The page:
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Panipat v/s Koregaon: Two battles, two contested narratives

5 20 75
14.01.2018

In 2012, a motorcycle rally had started from Pune and came all the way to Panipat to commemorate the 250th anniversary of the Third Battle of Panipat in which the Maratha confederacy was soundly defeated by an Indo-Afghan alliance on January 14, 1761. This correspondent had reported it then.

A similar “pilgrimage” was also undertaken the following year. The then Congress-led Haryana government had encouraged it and announced the creation of a ‘Haryana Maharashtra Maitri Dwar’, and scholarships for serious researches into Panipat.

Similar events have happened ever since at various places to commemorate this battle and celebrate Maratha valour and the “thousands who perished for the honour of India”. There has never been any trouble from any quarter about this. Nor any intellectual challenge. So why did it suddenly become a problem when Dalits decided to commemorate the 200th anniversary of the Battle of Koregaon and celebrate the valour shown by the Mahars?

The Bhima Koregaon obelisk commemorating the British victory

Historian Shraddha Kumbhojkar in a 2015 essay titled ‘Politics, caste and the remembrance of the Raj: the obelisk at Koregaon’ in an academic book said this is due to pseudomnesia or “false memories manufactured for elite consumption”.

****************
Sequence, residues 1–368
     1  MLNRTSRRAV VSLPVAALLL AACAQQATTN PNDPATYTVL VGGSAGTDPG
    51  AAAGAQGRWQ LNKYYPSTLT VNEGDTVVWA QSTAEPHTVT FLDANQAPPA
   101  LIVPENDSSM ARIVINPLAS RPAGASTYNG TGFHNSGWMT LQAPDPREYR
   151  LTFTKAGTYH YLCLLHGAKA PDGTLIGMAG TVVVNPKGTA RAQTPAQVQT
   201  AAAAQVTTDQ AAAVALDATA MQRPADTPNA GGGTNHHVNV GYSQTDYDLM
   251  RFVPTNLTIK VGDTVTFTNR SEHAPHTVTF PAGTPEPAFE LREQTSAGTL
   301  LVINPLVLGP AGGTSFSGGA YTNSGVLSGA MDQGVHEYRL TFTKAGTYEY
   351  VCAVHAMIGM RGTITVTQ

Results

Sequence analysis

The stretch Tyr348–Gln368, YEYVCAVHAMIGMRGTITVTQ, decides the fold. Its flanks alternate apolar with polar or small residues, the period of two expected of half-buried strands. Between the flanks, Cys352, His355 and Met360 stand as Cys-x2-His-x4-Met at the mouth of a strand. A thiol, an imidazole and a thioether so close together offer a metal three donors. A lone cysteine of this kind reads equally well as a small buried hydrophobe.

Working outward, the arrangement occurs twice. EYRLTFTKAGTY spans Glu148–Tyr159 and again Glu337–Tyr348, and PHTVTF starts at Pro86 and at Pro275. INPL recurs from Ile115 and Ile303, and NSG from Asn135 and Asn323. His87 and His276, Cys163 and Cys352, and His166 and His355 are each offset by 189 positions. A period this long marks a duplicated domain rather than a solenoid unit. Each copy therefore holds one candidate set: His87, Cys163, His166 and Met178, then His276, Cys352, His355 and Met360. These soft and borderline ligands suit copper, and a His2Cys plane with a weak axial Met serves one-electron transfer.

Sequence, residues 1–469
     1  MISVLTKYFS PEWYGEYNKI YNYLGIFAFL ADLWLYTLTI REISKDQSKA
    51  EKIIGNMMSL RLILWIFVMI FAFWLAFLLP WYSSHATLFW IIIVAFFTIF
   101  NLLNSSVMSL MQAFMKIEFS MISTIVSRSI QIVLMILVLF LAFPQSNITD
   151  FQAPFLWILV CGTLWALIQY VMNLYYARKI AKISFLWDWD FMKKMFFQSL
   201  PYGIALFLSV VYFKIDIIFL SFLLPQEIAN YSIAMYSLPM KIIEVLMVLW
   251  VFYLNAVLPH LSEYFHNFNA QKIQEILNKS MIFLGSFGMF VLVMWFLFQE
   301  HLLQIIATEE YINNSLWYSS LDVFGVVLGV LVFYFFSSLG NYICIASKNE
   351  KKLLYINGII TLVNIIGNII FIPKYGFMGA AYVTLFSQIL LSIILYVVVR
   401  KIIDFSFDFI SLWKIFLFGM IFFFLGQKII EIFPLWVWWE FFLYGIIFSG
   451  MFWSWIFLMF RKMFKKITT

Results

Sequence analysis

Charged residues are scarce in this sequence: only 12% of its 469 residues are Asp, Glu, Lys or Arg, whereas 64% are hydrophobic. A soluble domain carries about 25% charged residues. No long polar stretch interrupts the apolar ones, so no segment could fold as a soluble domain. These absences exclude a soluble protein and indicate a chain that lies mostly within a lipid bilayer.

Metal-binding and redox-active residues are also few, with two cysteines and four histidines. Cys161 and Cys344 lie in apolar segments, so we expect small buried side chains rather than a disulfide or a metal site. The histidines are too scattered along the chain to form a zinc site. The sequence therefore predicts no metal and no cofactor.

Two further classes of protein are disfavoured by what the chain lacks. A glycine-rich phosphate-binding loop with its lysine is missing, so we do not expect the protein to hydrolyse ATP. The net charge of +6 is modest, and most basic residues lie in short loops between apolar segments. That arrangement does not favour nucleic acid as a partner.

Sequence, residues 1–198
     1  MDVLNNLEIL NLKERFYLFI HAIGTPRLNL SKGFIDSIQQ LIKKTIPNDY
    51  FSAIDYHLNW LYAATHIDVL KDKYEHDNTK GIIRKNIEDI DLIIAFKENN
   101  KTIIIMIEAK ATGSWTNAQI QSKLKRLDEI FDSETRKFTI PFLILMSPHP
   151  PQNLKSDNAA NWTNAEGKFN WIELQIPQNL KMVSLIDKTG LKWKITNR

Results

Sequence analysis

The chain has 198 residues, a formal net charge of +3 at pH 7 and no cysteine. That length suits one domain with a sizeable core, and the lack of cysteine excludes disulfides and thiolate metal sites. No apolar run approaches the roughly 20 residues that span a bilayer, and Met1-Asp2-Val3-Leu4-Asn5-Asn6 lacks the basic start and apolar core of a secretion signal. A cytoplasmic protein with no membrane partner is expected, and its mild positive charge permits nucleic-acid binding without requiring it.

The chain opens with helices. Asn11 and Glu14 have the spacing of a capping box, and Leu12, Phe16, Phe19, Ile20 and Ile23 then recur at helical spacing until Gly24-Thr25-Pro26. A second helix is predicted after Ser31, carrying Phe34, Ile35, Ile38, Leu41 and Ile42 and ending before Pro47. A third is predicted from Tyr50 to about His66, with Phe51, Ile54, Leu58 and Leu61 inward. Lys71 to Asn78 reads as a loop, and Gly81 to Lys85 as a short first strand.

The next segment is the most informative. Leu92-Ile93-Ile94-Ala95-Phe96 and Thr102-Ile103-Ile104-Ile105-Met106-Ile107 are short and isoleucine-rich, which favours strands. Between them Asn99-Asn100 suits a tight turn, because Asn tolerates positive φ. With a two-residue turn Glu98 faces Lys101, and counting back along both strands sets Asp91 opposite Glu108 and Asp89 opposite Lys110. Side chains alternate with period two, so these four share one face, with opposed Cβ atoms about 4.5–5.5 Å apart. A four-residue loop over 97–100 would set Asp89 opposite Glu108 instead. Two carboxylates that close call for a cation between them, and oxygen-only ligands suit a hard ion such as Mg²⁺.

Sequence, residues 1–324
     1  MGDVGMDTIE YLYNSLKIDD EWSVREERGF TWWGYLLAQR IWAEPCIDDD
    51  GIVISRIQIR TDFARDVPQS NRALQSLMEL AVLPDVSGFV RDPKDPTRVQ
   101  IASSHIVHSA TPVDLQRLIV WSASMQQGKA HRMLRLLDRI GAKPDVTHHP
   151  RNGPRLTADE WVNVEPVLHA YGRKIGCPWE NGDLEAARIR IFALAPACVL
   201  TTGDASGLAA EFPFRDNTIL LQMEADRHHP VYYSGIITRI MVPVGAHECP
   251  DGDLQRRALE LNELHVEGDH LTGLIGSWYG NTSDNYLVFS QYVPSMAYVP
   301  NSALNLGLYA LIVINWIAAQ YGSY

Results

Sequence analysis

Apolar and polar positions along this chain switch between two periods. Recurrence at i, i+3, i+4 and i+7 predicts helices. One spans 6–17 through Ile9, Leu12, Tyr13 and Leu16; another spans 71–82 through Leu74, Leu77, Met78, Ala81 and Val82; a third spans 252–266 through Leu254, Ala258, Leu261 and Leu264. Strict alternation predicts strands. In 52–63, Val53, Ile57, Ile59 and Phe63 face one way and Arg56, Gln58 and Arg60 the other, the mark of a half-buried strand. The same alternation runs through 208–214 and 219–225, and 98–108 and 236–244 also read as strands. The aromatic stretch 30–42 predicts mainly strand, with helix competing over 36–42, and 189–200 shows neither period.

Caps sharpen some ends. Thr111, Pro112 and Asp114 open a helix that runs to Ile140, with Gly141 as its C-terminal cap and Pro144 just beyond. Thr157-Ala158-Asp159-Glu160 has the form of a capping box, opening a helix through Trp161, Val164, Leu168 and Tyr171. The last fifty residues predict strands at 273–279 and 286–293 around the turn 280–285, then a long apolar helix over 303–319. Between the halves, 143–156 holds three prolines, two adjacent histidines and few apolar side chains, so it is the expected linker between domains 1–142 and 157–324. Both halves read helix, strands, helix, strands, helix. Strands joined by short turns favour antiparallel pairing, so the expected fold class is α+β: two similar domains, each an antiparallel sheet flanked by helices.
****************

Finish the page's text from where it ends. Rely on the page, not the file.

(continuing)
“During the 1970s, Maharashtra witnessed a spate of popular (a) historical Marathi novels on the bestseller lists. Many of them dominate the historical understanding and perceptions of the Marathi-speaking middle classes even today. An important novel from this genre, authored by a brahmin, describes the battle of Koregaon in passing. Mantravegla by N S Inamdar, based on the life of Baji Rao II, claims that the battle was won by the Peshwas,” Kumbhojkar wrote.

“This trend of creating pseudo-memories is more pronounced today. The third battle of Panipat, which saw the rout of the Peshwa army in 1761, is commemorated at high-sounding rallies. Indeed, the rhetoric used during these rallies could lead one to believe it was the Peshwa who won at Panipat,” she further wrote.

Even before the violence broke out, those opposed to the Koregaon commemoration event had been commenting online and offline how this was “not a British victory but defeat”, how the role played by the Mahars/Dalits in that battle was of “traitors”, how colonial battles shouldn’t be commemorated, and how battles where Indians fought other Indians shouldn’t be glorified. This has picked up pace in the aftermath of the violence.

These arguments tend to justify Benedotto Croce’s statement that “all history is contemporary history”—that historical events are understood from the point of view of the current situation of the person writing it or reading it. Not only is the role of the Mahars in that battle denied, the fact that it were Arabs (Muslims) who had fought for the Peshwa and died by their hundreds is also not acknowledged often by the pro-Peshwa groups. And this is because of the flawed understanding that Maratha armies came entirely from the Marathi speaking areas of the country. Maratha armies were multi-cultural, multi-ethnic and multi-religion armies.

Selective amnesia also seems to be at play here, for at Panipat, too, Indians were fighting other Indians. The Marathas, who are today portrayed as “defenders of India”, had failed to get any help from the Jats or the Rajputana states.

Also, the Maratha alliance with the British to wipe out Tipu Sultan of Mysore and an earlier alliance by the Peshwa in 1756 with the British to destroy the Maratha naval commander Tulaji Angre tend to puncture the nationalist arguments.

“After the rout........

© The Times of India